Interface request: "cups-control" on CUPS snap and including D-Bus

If you want to print (or do printer administration) from a snapped application you add a plug to the “cups-control” interface, to connect to the domain socket of CUPS. The slot is most probably provided by the classic emvironment with a Debian-package-based CUPS installed.
Some time a go, I started the developemt of a CUPS snap:

First thought of it was to allow printing in an all-snap distribution like Ubunru Core, but also to provide a distribution-independent implementation of a printing stack on OpenPrinting, for everyone being able to use a printinf stack composed from the newest components. I brought it even to a first test release in the Snap Store.
Now Ubuntu development is going to provide more and more components of the Desktop distribution to be provided in snaps. Also CUPS should come from a snap soon.
Therefore I have picked up the developemnt of the CUPS Snap again and done a lot of bug fixes and improvements for better reliability and usability of the snap.
Now I was hitting into some problems with the interface:

  1. A snapped application has a plug to the “cups-control” interface. This leads to a CUPS installed from Debian packages into the base system
  2. If there is no such CUPS but the CUPS snap installed instead, “cups-control” should point into the snapped CUPS, so the snapped CUPS needs to provide the “cups-control” slot. There needs to by some kind of automatic switch for which CUPS is actually installed.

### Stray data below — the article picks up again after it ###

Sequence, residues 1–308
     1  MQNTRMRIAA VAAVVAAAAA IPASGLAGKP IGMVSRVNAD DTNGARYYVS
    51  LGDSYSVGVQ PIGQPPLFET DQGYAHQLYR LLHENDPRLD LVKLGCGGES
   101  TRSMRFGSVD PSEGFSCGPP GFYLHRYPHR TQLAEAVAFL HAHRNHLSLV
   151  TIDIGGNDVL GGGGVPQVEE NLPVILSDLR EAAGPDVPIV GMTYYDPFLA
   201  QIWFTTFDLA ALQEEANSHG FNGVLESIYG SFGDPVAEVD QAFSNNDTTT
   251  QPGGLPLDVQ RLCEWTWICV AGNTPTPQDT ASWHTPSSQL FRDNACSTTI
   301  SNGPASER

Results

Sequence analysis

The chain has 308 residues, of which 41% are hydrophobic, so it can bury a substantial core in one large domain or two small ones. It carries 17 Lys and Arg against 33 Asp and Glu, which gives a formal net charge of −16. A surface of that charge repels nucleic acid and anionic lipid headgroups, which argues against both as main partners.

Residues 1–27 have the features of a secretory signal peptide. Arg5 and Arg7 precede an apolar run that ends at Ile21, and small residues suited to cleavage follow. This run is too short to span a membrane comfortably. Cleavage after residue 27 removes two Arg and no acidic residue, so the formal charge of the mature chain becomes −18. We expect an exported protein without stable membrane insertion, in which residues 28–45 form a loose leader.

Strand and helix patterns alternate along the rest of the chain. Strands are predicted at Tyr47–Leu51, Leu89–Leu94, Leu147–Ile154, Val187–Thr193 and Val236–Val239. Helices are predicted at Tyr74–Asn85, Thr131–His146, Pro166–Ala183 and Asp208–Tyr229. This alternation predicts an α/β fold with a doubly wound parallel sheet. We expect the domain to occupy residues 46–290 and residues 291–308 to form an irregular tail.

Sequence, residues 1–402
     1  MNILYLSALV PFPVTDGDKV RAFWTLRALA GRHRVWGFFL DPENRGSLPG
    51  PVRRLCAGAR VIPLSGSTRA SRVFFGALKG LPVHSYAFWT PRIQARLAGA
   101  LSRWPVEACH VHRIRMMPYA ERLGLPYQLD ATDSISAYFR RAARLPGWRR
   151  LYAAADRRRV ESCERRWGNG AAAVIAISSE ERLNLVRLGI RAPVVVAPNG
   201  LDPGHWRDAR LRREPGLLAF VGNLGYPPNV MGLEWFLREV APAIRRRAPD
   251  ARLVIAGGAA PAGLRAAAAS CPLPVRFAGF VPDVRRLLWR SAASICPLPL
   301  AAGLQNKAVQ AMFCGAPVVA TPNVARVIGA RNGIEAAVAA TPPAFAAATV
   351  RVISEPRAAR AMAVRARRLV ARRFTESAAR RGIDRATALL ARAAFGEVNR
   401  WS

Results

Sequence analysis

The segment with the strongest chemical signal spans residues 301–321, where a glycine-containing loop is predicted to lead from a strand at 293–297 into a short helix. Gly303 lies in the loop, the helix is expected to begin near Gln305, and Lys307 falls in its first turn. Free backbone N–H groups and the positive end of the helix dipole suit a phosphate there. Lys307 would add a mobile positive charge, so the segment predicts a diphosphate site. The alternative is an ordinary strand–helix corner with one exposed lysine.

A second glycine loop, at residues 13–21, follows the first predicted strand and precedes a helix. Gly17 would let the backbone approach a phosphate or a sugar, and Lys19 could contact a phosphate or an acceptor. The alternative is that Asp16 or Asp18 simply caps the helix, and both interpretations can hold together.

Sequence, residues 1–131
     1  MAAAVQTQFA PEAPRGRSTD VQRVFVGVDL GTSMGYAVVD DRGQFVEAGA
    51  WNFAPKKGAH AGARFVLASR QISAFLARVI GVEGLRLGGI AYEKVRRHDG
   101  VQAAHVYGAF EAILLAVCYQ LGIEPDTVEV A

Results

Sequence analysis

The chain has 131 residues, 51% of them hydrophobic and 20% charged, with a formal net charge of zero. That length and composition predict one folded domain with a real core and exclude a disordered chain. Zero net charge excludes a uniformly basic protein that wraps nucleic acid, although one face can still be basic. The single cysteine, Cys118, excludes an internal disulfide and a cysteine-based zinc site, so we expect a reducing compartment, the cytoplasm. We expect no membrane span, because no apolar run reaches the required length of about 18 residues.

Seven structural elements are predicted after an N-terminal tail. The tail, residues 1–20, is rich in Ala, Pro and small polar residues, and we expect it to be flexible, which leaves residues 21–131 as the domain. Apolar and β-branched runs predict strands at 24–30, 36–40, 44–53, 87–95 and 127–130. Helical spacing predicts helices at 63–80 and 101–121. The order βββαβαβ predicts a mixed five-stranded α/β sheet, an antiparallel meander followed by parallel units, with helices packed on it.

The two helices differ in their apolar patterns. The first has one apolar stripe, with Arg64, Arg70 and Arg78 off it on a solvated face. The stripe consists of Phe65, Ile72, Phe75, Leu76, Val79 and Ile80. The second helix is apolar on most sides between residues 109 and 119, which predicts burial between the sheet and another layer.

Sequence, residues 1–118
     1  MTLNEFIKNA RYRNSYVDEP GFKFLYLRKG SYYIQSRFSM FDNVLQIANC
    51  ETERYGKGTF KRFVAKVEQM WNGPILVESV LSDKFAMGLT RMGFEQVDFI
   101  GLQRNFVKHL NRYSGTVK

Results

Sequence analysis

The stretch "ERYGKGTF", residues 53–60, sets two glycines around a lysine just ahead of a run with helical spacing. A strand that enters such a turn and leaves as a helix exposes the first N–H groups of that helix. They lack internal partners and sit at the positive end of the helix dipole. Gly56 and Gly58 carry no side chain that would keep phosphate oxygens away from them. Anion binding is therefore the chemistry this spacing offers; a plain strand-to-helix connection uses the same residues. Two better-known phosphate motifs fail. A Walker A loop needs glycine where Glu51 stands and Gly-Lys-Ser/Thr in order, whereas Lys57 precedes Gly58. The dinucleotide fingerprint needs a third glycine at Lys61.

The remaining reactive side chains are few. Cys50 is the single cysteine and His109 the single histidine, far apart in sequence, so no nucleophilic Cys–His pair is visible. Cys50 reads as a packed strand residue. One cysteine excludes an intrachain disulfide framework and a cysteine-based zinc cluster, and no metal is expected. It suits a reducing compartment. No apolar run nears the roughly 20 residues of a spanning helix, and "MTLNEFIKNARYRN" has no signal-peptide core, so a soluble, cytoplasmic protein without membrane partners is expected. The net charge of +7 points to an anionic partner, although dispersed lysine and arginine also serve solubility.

3. CUPS does not provide only a domain socket (/var/run/cups.sock in the case of CUPS in Debian packages) but also IP access via localhost:631 and also D-Bus services (AFAIK /org/cups/cupsd/Notifier and /com/redhat/PrinterSpooler at least). The interface needs to allow access to all of these channels for every snap with plug to “cups-control” but also to unsnapped (Debian-installed) applications.
  4. The “dbus” snap interface is not very well suited for CUPS as a client snap would need to connect to “cups-control” and two “dbus” interfaces, so 3 interfaces would need to get connected, therefore I like to have that all in one “cups-control” interface.

My request is to get the “cups-control” interface appropriately extended so that snapped applications have always full access to CUPS, independent whether CUPS comes from Debian packages or from the snap, and also that unsnapped applications have full access to CUPS, also to the D-Bus services.
Note that the CUPS snap will soon get renamed, from the current “printing-stack-snap” to “ipp-service-cups”.
I hope that this is possible to get implemented.


My 2 pence on this is that from a clean slate we should have 2 interfaces for cups:

  • cups which allows an application to talk to the cups daemon over DBus, access the CUPS socket, etc.
  • cups-support which provides the accesses necessary to operate as the cups daemon

The cups interface would be plugged by an application like LibreOffice that wishes to print. It would either connect to a slot provided by the core/system snap if and only if there is not an “official” cups snap, but if there is an “official” cups snap installed, the slot comes from that snap instead (this distinction is useful because we can have different accesses depending on if the snap is connecting to an unconfined cups daemon, or if it is connecting to a confined cups daemon that is packaged as a snap.

The cups-control interface would be plugged by only the confined ipp-service-cups snap, much like lxd-support is only plugged by the official lxd snap.